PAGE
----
Before Anti-Imperialism: The Genealogy and Limits of a Humanitarian Tradition
Antes del antiimperialismo
The slave trade, and slavery itself—the subjugation of societies with long, solid histories and institutions—has received criticism since the second half of the 18th century. These challenges were born from the egalitarian ideals of the French Revolution and the radical religious currents in the Protestant world. Despite its roots and the great economic interests it upheld, slavery was ultimately abolished in Great Britain’s colonies in 1833, in France’s in 1848, and in the United States in 1865, which represented a moral triumph for humanitarians and was decisive when it came to the transformation of the great empires of European origin.
The relationship between the liberal metropolises and their colonies was hailed as proof of reform and the betterment of the human condition. Despite this, the persistence of forms of compulsory labor, the mistreatment of aboriginal societies threatened with extinction, and the rise of racism and white supremacism throughout the world promoted the continuation of humanitarian and reformist currents. The brutality of land distribution and colonization in Africa were the greatest challenges for the heirs of those old traditions. And yet, at the time neither the dissenting voices originating in the metropolises nor the ones that emerged from the colonies themselves were projecting an alternative ideological horizon to empires: only national and inter-imperial conflicts at the turn of the century—world wars (with participation from recruits from colonial territories)—changed that picture. With the rigor and thoroughness that have earned him the international acclaim he possesses as a historian, Josep M. Fradera proposes Before Anti-Imperialism, an illuminating genealogy of criticism that precedes anti-imperialism that was labeled as such.
According to the jury:
“Fradera has managed to combine the intellectual sophistication of a professional historian with a close look at a clueless and often ill-informed audience: the heroic anti-imperialism of the 20th century has little to do with the historic change humanity went through after eliminating human objectification, and is only comparable in the 20th century to the emancipation of women, who are the surprising co-stars of this addictive essay.” —Jordi Gracia
“Some books have the potential to change the tone of the political conversation about thorny issues. Fradera’s essay is one of those books. Relying on a myriad of sources, as well as on his sharp ability to weave together different political traditions, Fradera creates a genealogy of anti-imperialism that discredits some preconceived ideas. What if anti-imperialism was also a product of imperialism?” —Pau Luque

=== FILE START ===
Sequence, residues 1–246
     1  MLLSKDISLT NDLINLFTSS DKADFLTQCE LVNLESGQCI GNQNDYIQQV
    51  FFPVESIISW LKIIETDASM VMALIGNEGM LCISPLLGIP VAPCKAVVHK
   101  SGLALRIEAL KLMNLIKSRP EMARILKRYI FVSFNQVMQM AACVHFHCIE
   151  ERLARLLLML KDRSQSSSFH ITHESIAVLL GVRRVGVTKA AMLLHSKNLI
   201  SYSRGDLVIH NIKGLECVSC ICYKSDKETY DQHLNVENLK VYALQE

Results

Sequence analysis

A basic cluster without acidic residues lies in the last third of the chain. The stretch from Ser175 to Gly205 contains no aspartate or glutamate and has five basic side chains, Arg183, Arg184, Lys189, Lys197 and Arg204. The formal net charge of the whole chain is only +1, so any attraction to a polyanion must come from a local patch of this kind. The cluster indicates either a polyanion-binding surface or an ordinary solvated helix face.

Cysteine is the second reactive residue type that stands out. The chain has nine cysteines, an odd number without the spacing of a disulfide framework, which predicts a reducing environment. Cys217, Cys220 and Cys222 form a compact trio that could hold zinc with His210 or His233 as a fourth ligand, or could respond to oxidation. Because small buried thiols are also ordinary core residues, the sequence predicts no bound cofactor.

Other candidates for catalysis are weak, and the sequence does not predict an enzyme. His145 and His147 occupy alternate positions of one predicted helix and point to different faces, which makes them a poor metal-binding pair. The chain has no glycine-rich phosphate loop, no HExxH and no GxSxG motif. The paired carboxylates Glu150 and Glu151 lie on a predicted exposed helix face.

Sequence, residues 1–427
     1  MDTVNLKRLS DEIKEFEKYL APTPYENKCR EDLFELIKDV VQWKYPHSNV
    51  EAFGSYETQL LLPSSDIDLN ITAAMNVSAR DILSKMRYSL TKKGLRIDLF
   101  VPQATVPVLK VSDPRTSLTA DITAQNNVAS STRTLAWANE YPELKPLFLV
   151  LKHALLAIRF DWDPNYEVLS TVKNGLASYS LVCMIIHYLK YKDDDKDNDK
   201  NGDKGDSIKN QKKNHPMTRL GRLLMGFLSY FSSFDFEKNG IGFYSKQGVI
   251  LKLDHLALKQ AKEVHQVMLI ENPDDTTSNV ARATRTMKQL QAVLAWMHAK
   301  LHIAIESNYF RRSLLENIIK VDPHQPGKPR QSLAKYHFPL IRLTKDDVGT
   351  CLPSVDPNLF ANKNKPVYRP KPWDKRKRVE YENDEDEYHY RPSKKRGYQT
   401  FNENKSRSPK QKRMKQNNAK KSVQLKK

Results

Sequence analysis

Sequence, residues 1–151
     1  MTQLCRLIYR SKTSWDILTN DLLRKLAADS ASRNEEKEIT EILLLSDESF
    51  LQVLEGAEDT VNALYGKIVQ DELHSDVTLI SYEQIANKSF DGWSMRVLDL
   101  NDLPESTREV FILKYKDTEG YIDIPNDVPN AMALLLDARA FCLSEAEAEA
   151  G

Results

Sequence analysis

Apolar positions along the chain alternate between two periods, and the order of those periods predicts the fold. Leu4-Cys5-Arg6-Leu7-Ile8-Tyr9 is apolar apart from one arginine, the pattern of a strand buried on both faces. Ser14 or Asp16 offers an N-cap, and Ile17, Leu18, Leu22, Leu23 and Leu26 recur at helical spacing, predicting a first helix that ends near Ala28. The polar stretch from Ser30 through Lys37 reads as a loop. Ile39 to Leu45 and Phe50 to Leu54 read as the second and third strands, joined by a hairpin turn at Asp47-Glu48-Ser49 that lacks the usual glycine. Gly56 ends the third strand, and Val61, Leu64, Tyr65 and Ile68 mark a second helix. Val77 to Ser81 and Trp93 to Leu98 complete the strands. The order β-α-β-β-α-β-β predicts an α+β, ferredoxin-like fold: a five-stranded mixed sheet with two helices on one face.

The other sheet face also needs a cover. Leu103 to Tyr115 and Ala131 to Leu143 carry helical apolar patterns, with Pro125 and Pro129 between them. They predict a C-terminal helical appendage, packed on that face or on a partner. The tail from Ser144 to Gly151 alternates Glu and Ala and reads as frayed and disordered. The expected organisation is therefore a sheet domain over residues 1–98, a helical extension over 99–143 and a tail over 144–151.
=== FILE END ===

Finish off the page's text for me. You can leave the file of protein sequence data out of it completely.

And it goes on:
“With the rigor and thoroughness that have given him international authority he possesses as a historian, Josep M. Fradera explores the roots that anti-imperialism in the 20th century has in the humanitarian currents that emerged within the colonial European systems built in the 19th century in this essay about history that is furiously current. A complex and brilliant book that explains why the first large wave of rejection and condemnation of empires did not end their expansive vocation and their mechanisms of oppression and exploitation, but rather had the opposite effect.” —Daniel Rico
“An erudite and solid work, built on a detailed study of the colonial and imperialist conflicts of the last few centuries. Essential when it comes to placing the intellectual and political discourses that laid the foundations of anti-imperialism while imperialism continued to spread through a globalized capitalism focused on the ‘here and now.’ The contrast of Fradera’s careful and profuse historical investigation is almost subversive, both because of its depth and because of the detail with which he addresses layers of the past that will help us understand current and emerging conflicts.” —Remedios Zafra
Josep M. Fradera (Mataró, 1952) is a professor emeritus of Contemporary History at the University of Pompeu Fabra. He has been an invited and visiting professor at universities such as Princeton, University of Chicago, Harvard, and EHESS in Paris. He is the author of Indústria i mercat (1987), Cultura nacional en una societat dividida (1992), Jaume Balmes: els fonaments racionals d’una politica catòlica (1996), Gobernar colonias (1999), Colonias para después de un imperio (2005), La pàtria dels catalans (2009), and La nación imperial (1750-1918) (2015, translated into English as The Imperial Nation in 2018). He is the co-editor of Slavery and Antislavery in Spain’s Atlantic Empire alongside Christopher Schmidt-Nowara (2013) and Unexpected Voices in Imperial Parliaments (2021).